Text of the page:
Then to lunch.

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Murky Meeting

For Doug Patterson
I don’t exactly believe in totems, but I can identify with the Native Americans who feel that a person has a kinship with a certain type of animal.  Bears have always intrigued me. Though I am not a large person, I think I know what a bear’s body feels like to a bear.

maybe a bear

I don’t hang out with bears here in Ann Arbor, and, really, I’ve only seen bears from a distance, but there was one time…

I got off the Canadian National train about 10:30 at night in the rain.  The hotel shuttle bus was waiting.  I was not going to the hotel, The Lodge, at Jasper National Park. I had a little money left from my summer job as a camp counselor, but I’d splurged enough  on the train ride from Winnipeg, and had to make the remaining dollars last.

It was fall 1971. I was college age but not in college.  It wasn’t called “gap year” back then, but I seemed to be taking a gap year-or-two every year or so.  There was also the draft board and the war in Viet Nam looming over everything.  I was already considered “delinquent,” because I had refused to get into a certain line at the army’s pre-induction physical.  I wasn’t sure what came next.  The trip to Western Canada was to explore the possibility of emigrating.

Hitchhiking from Detroit to Winnipeg had been the first of several trips that  have me convinced that fall is the ideal time for a road trip.  Rolling on uncrowded 2 lane highways across the Upper Penninsula and into Wisconsin and Minnesota in the September light, we passed cardboard signs advertising wild rice.  My luck with rides tapered off when I reached the north-south highway at the Minnesota-North Dakota border.  Waiting in the dark, while caravans of grain trucks whooshed by, I almost gave up, but got one last ride from a State Trooper with alcohol on his breath.  He spoke about how wealthy the farmers in that valley were and ,without words, about how bored he was, but by the time he dropped me off, 30 miles up the road, the traffic had disappeared, so I got a few hours of sleep under a bridge.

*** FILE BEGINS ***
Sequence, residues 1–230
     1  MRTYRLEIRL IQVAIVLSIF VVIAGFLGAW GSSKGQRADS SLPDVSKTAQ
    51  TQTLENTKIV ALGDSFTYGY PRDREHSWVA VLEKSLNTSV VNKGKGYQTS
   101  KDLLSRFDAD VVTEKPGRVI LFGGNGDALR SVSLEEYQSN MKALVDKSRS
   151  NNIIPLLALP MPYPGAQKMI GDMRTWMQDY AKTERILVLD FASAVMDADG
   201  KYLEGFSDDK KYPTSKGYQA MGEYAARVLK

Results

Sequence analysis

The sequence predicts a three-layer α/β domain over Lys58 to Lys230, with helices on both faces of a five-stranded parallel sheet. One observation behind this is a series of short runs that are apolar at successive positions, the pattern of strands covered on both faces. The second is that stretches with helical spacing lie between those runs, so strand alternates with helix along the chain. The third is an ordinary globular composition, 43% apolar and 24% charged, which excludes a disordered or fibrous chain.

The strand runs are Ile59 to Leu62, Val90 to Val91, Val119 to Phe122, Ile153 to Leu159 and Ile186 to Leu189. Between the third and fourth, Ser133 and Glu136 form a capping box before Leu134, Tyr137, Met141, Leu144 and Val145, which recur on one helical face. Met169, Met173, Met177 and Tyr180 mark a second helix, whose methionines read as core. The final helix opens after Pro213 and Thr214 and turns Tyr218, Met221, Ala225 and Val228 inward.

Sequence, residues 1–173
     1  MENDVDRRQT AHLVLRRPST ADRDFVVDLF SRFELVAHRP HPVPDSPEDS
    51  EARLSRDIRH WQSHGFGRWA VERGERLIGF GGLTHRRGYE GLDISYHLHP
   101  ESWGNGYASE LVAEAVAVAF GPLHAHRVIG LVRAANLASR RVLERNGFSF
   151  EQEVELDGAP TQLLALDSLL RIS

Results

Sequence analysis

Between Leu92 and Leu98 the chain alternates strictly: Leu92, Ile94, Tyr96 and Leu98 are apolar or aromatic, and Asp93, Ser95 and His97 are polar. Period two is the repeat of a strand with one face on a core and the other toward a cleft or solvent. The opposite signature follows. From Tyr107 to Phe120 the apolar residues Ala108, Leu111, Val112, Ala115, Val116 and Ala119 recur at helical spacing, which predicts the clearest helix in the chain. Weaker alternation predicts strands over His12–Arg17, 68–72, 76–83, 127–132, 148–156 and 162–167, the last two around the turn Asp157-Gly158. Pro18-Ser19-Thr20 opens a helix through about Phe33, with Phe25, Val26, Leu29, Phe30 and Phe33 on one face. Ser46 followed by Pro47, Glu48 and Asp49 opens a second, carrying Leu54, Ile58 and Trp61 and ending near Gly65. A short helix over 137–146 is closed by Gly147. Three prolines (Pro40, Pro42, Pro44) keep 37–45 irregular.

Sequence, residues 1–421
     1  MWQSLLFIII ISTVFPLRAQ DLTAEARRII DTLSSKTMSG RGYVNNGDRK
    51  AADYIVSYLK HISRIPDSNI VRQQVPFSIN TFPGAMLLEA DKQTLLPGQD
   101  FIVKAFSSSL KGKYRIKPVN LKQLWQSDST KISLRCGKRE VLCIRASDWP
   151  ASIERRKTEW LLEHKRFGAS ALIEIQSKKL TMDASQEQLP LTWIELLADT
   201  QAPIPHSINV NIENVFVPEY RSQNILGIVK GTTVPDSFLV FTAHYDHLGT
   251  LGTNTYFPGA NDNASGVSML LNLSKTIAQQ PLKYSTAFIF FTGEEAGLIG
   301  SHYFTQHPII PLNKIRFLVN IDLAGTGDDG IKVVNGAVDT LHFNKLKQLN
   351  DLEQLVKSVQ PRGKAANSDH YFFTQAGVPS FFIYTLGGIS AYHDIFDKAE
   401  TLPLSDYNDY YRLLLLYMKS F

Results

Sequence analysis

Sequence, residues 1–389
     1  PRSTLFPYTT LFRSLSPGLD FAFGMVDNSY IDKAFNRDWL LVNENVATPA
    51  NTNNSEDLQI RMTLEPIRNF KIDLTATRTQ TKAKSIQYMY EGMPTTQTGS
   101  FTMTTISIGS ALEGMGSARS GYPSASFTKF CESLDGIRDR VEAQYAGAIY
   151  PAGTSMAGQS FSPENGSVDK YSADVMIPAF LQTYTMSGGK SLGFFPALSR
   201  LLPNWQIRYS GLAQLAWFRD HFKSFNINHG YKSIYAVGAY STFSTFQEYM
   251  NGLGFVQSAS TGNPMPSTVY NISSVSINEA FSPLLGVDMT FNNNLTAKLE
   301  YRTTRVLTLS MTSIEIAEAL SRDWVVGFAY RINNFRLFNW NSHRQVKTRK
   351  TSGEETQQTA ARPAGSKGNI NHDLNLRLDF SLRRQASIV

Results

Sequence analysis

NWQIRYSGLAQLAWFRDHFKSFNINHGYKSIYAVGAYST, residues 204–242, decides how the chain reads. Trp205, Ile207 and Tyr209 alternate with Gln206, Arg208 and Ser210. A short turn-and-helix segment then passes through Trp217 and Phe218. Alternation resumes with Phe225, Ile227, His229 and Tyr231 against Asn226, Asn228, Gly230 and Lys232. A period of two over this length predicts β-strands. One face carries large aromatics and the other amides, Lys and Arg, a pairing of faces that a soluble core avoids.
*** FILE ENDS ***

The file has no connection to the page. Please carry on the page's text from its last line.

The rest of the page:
The next afternoon I found myself in Winnipeg’s industrial area and managed to hop on a bus to downtown.  As I look back  I’m amazed at the hospitality shown me by the people I phoned up out of the blue.  They were college friends of my mother, Beth and Ruben, of whom I’d heard her speak, but had never met.                                                                          Winnipeg with Assiniboine

I got their number out of the phone book, and they  came to pick me up.  They were invited to a holiday dinner, the first night of Sukkot, at  Beth’s sister’s house, and took me along.  I don’t remember anybody remarking on my body odor. I have a vague memory of taking off my shirt and scrubbing my upper body in the washroom at the bus station.  At the time I took it all for granted, but there was a warmth in their welcome that I still feel 42 years later, a warmth that had nothing to do with the scruffy kid I was.

So, it may have been because of their respect for me that I asked them to drop me off a day or so later at the train station rather than at some good hitching spot on the Trans-Canada Highway. Possibly I wanted to appear more  prosperous than I was, or maybe I didn’t want to subject them to the guilty feeling they might have after abandoning their friend’s kid by the side of the road.  All these explanations and analyses are a ripple on the surface of a wave in the tide of existence/providence that deposited me late at night outside a closed train station in the Canadian Rockies.

I climbed on the shuttle bus just to get out of the rain, but the driver told me there was a public campground he could drop me off at on his way back to the lodge.  It must have been 10:30 or 11:00 when I stumbled off the road and down an embankment.  Trying to find my way through rocks and trees by the light of the occasional passing headlights and lantern light glowing through the sides of tents, I found a flat spot in the gravel.   There I set up my little plastic tent, pulled my stuff inside and quickly fell asleep.Athabasca Screen shot